The Buildings and Grounds of the Episcopal Church of Saint Monica and Saint James
1883-1888: Construction of present church, opening in three phases
1886: Beginning of parish involvement in Capitol Hill community life. Mission House (rented) across 8th St. (first at 225, then at 239), to house Anglican nuns from convents to whom the parish had appealed for help. Four nuns soon opened the house to working girls for board and lodging; staffed a weekday parochial school (at first in the church nave); and conducted an Industrial School on Saturday mornings, teaching sewing to young women.
1892-1896: Construction of the Parish Hall and its extension
1898-1899: Construction of the Rectory
1931: Fire of unknown origin, destroying roof, renders church unusable for a year.
1935: Beginning of current gardens. The incoming rector, a graduate landscape architect as well as priest, plants trees throughout and designs gardens in rectory areas.
1946-1997: A former acolyte, now an adult parishioner, first assists the rector, then undertakes design of and responsibility for all gardens, continuing to develop and maintain them until his retirement circa 1997.
2007: Saint Monica Episcopal Church and Saint James Episcopal Church merged at the direction of the Bishop of Washington. The church building of Saint James became home for both parishes. The church building of Saint Monica's located at was sold in 2008.
2015: The church welcomes a new Rector, Father William Stafford-Whittaker.
2018: The Vestry and Rector sell the Rectory in order to make the church handicap accessible and to address deferred maintenance of the Church. Architectural plans are drawn up for the parish hall, nave, servery, sacristy, and undercroft.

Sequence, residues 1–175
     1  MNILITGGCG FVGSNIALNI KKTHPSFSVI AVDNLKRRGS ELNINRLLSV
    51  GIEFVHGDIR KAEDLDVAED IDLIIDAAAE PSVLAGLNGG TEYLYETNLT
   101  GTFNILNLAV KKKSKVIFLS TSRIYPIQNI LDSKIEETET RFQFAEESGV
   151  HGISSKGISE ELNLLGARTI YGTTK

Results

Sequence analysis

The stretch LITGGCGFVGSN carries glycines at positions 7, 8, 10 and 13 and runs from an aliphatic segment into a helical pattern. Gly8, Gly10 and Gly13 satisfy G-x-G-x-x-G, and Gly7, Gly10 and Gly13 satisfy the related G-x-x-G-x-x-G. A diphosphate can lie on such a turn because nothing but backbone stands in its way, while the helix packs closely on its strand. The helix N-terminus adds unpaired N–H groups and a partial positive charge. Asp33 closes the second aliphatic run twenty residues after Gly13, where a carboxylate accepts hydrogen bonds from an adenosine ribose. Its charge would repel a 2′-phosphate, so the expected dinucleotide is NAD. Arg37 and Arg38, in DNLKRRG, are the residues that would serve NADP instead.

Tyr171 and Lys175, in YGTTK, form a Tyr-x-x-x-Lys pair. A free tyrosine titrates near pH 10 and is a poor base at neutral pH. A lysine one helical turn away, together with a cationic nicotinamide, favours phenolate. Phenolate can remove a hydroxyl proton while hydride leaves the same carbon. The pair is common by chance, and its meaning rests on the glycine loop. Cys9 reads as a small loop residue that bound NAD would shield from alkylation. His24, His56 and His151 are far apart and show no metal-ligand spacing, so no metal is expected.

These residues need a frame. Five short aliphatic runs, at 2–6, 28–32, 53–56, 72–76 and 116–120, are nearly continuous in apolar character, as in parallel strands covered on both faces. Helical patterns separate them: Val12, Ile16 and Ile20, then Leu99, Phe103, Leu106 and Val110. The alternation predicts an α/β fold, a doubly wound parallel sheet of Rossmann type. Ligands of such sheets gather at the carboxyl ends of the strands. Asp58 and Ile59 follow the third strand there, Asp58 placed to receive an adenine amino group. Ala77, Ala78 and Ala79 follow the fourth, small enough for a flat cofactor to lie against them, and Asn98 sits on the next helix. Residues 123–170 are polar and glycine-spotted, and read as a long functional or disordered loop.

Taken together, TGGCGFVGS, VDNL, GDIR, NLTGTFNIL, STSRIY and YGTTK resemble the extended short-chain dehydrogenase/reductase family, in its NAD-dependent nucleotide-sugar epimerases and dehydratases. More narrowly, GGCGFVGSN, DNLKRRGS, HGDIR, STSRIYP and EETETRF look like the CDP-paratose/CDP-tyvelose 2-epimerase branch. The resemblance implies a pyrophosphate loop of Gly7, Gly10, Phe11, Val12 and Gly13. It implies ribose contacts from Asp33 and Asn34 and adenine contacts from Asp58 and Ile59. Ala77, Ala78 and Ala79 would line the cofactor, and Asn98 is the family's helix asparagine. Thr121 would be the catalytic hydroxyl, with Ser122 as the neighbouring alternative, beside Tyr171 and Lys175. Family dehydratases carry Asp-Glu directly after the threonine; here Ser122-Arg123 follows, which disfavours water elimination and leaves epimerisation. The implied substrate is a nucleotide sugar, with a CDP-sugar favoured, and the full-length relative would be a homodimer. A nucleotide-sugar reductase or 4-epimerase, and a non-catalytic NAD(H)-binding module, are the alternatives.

Late 19th Century: Baptismal Font; Brass Lectern; Tower Bell; Great Silver Chalice and Paten; Censer.
Three Crucifixes: 1) The Resurrected Christ, 8th Street Wall: created and donated by Berthold Schmutzhart, local sculpter, teacher at Corcoran Gallery; 2) Alter Crucifix: German, from Oberammergau (orginally outside); 3) Parish Hall Crucifix: Berthold Schmutzhart (commissioned).
Historic Steinway Grand Piano: Made in 1883/1884; donated in 1983 as a parish "100 Birthday" gift. (Date based on the lack of the middle sostenuto pedal perfected by Steinway in 1876, which quickly became standard in their grands).
Stations of the Cross: Originally poly-chrome. Having deteriorated beyond restoration, they were painted white around 1959.
Stained Glass Windows: Created and maintained by Washington Art Glass Studios. Jed Boertlein, son of the designer, recently completed the restoration of the windows in the Upper Parish Hall.
History compiled by Dr. Suzanne Legault and the Vestry